ISBN 9781990931246
Pages 398
Dimensions 210 x 148 mm
Published 2021
Publisher African Perspectives, South Africa
Format Paperback

Sowing in Tears

A Documentary History of the Church Struggle Against Apartheid 1960 - 1990

by Malesela John Lamola

A historicist interpretation of how the Christian religion, whose theology had notoriously been used to foster coloniality and explicitly nurture apartheid philosophy, had transformed itself into an intellectual force and an organisational bulwark of the struggle for freedom in South Africa. This is presented through documents and statements of the ecumenical movement which attest to the development of successive theological positions that were being arraigned against the apartheid regime. The reflection covers the period from the year 1960, which signaled the beginning of an identifiable Christian tradition of protest against political oppression and repression in South Africa, that is, from the Cottesloe Conference following the Sharpeville Massacre, to the 'Standing for the Truth Campaign' on the eve of FW De klerk's February 2 1990 Speech in Parliament. The gallant resistance of the people and the churches of South Africa is presented here as both a living record of the tumultuous past, and an inspiration for new local and global struggles.

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Reviews

'A wonderful book of historical importance documenting the church's role and participation in the struggle against Apartheid. It speaks fluently of theologians and ecumenists' challenges and assumptions about the separation of religion and public discourse, outlining protests, meetings and other movements which took place. Yet it also remains a story of prayer and theological convergences. Outlining acts of public intervention by religious leaders and individuals.'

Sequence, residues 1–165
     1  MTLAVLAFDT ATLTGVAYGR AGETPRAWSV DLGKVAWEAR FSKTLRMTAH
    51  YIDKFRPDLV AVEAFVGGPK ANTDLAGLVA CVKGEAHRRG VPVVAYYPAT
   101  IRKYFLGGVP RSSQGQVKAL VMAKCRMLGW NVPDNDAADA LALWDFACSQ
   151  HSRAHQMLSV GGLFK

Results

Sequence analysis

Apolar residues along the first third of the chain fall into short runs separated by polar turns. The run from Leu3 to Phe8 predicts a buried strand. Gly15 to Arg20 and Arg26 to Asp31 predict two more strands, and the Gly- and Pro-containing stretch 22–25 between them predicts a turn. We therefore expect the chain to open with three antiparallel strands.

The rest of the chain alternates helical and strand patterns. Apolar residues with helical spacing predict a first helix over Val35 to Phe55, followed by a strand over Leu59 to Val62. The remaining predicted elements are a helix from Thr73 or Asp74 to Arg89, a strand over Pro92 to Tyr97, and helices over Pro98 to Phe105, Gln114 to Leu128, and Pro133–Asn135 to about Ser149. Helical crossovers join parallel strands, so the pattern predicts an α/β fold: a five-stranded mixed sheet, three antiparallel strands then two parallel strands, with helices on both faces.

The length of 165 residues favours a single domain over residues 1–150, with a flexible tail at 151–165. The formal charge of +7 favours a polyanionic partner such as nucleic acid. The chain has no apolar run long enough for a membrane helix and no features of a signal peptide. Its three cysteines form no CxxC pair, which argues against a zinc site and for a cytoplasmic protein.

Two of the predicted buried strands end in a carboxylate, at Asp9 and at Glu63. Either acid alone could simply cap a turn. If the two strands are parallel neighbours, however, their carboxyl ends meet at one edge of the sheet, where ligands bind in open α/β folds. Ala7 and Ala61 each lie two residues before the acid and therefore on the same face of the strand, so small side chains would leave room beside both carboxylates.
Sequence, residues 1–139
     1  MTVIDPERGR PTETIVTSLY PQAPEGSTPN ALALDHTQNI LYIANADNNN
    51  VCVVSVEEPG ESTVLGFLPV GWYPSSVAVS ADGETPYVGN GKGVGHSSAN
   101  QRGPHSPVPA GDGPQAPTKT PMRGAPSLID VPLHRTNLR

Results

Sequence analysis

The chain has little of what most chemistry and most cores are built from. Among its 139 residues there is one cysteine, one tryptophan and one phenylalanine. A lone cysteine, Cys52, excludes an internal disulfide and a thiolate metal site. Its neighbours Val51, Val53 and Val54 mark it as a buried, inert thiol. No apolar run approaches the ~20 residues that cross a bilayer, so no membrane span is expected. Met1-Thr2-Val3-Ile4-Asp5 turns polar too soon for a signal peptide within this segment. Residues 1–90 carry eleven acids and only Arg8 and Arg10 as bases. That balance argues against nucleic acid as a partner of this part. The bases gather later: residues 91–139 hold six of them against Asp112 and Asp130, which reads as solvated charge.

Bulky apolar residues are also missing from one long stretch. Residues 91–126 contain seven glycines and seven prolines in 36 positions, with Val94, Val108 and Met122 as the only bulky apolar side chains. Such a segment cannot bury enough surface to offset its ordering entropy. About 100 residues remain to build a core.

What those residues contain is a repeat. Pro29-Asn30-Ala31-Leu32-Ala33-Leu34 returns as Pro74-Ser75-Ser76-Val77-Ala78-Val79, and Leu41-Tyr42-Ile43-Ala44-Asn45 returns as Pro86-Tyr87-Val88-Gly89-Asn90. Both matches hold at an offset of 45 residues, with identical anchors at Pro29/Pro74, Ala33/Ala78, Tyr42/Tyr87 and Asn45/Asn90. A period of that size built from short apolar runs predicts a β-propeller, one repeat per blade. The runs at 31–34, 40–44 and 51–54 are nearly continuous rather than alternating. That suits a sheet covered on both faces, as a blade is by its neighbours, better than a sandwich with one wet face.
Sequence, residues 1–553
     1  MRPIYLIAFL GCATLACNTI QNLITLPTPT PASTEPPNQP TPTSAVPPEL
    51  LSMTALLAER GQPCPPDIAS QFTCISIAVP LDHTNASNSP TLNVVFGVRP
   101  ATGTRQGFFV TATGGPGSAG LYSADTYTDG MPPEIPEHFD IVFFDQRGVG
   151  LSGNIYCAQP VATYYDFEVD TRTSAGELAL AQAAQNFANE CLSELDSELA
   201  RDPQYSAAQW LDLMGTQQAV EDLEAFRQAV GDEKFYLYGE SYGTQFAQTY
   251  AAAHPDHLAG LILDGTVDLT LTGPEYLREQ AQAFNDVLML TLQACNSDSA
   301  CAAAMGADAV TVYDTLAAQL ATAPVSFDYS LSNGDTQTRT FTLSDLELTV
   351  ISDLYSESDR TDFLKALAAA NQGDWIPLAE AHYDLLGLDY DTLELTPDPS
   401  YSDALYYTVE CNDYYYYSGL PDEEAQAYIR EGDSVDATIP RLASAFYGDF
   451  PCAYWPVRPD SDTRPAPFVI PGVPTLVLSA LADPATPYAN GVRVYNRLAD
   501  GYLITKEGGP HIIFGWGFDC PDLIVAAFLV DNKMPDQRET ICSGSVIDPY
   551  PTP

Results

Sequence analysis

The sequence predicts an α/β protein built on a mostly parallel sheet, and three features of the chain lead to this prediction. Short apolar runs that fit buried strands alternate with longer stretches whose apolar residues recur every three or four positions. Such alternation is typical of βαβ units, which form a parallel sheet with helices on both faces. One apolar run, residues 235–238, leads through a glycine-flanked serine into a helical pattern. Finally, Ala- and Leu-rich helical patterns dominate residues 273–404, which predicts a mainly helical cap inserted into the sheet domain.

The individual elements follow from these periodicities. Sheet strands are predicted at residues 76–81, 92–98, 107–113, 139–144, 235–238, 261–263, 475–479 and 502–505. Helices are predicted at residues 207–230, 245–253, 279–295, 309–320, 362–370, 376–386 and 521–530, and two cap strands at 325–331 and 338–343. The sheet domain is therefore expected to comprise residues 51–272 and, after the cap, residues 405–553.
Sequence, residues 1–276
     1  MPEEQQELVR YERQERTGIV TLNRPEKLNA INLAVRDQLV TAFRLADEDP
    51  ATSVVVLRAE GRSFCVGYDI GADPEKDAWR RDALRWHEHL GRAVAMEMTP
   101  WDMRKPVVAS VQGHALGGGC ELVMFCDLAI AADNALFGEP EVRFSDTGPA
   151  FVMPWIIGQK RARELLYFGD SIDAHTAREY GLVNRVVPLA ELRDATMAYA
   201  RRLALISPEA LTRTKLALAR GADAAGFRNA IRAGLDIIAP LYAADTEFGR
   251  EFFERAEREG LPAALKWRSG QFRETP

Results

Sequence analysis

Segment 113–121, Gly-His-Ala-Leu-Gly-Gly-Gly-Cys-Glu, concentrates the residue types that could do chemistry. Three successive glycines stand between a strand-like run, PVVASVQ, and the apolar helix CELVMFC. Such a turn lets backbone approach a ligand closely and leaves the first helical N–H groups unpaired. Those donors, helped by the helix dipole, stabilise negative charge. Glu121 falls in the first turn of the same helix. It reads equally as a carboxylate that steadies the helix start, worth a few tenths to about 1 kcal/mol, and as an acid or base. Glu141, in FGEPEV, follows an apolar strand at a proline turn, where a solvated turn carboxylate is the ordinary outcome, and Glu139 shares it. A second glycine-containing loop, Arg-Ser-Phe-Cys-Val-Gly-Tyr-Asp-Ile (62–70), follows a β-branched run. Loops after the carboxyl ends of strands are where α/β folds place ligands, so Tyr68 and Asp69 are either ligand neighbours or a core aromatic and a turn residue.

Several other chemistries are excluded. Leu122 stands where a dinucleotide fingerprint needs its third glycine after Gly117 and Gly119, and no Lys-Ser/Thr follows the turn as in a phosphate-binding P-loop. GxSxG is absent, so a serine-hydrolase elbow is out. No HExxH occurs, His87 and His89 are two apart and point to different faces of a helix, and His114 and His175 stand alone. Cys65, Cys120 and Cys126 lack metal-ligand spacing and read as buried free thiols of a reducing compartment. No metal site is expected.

DR BRIGALIA BAM - is the retired General Secretary of the South African Council of Churches and former Chair of the Electoral Commission of South Africa

'This is a breathtaking book - first for people who have experienced this struggle in their life-time; secondly, for every historian who can rejoice to have the full text of the relevant documents reprinted - not only as such but carefully contextualized in relation to the historical developments; thirdly, for theologians, who will find highly innovative theological discoveries which until this day shape the ecumenical discourse.' 

PROFESSOR ULRICH DUCHROW, Professor of Systematic Theology at the University of Heidelberg

About the Author

Malesela John Lamola

Malesela John Lamola is an Associate Professor at the University of Johannesburg’s Institute for Intelligent Systems. He obtained his BTh degree from UNISA, the PhD in Philosophy and Theology from Edinburgh University, and an MBA from Embry-Riddle Aeronautical University (Daytona Beach, USA). During the 1980s he worked at the Institute for Contextual Theology (ICT) and the South African Council of Churches (SACC). His current work is focused on the ramifications of technologies of the Fourth Industrial Revolution on the cultural and political sovereignty of Africa.